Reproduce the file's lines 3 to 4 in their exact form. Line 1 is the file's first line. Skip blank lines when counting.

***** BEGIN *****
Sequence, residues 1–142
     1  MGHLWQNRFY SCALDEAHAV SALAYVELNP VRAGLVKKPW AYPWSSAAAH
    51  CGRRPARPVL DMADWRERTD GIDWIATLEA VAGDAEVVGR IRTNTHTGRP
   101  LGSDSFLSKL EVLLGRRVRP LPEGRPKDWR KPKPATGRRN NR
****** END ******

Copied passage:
    51  CGRRPARPVL DMADWRERTD GIDWIATLEA VAGDAEVVGR IRTNTHTGRP
   101  LGSDSFLSKL EVLLGRRVRP LPEGRPKDWR KPKPATGRRN NR